One Man’s Gift of Giving Has No Boundaries
Imagine you read a story about a young child in need.
What would you do?
For Al Johnston, it was a no-brainer. He sprung into action and not only contacted the proper authorities but also advised his nephew of the situation. A little while later, Al’s nephew adopted the little boy. That was over 30 years ago. The boy who we will call “Kenny” has cerebral palsy and utilizes his wheelchair to fully participate in activities. Kenny now has a girlfriend and stays in contact with Al and his wife on what’s happening in his life. Knowing that Kenny is happy makes Al feel good inside.
In the 1950’s, Al was introduced to the challenges that disability presents when his son developed Polio. His son could not walk and needed medical attention. After being approached by two Shriners, he took his son to the Shriner’s hospital for an operation. Al was so grateful for the Shriner’s help that he joined their organization as part of the Khartum Komedians in 1964. His joy was entertaining children with disabilities as a clown. According to Al, “we all have a purpose in life. For me, volunteering has been a labour of love.”
Al has been a loyal supporter within the community, giving his time and financial resources for more than 40 years. His reasons for giving are quite simple. “I give to charity and in particular SMD because individuals with disabilities need our support. I know first hand how a disability can affect your life. I’m grateful to have the opportunity to give back and never expect anything in return.”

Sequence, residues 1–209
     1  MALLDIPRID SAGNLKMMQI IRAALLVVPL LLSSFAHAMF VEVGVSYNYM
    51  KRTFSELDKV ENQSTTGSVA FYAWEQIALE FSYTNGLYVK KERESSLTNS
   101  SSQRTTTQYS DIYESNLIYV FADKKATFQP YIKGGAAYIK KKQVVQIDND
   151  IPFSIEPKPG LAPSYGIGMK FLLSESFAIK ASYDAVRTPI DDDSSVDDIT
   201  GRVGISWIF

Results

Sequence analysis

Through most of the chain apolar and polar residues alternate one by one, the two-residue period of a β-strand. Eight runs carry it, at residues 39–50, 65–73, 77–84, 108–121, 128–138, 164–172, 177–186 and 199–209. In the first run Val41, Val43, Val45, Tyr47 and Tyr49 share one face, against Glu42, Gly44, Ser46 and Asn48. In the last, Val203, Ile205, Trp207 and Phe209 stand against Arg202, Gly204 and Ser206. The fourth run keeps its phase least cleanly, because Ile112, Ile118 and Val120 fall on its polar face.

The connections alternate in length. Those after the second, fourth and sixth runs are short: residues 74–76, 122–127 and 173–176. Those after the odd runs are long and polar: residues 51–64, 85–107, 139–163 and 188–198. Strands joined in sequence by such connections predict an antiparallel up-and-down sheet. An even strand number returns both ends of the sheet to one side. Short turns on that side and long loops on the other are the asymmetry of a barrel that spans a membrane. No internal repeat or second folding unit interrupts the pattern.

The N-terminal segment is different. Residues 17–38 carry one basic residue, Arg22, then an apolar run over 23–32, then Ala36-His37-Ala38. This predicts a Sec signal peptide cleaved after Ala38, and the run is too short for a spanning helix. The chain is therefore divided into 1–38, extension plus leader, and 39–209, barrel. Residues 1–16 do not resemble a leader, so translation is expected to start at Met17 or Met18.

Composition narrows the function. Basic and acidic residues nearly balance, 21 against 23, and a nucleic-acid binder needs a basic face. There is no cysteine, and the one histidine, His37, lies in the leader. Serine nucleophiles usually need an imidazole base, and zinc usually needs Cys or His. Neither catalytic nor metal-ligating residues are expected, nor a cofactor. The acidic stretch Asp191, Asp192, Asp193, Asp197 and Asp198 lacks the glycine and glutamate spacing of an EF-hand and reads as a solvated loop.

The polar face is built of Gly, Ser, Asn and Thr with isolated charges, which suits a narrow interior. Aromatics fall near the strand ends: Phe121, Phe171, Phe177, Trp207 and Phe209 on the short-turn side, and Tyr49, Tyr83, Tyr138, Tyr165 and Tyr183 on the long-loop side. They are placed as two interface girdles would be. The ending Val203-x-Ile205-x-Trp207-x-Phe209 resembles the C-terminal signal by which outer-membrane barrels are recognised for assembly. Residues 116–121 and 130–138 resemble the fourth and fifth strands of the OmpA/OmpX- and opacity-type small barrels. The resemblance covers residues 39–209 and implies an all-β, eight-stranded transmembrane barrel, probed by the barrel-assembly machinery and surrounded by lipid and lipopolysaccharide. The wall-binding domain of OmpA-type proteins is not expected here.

Al is not only a devoted volunteer but his commitment to his wife Esther spans 62 years. His love for her is evident by the twinkle in his eye when he speaks about her. Esther began utilizing the Parking Permit Program administered by SMD when she developed Vertigo about eight years ago. Since then Al has taken an active role in notifying drivers that park without a pass by issuing a friendly warning notice on their windshield. Al is strongly opposed to people taking advantage of these designated spots and believes the service he provides is delivers his message much gentler than a fine by city police.
Even now at the age of 82, Al prides himself on having his calendar full of places to go and people to help. He can still be seen shoveling snow or cutting grass for his neighbors in need. To him, it’s just a way of life and although he has slowed down a bit he has no intention of stopping his giving ways anytime soon!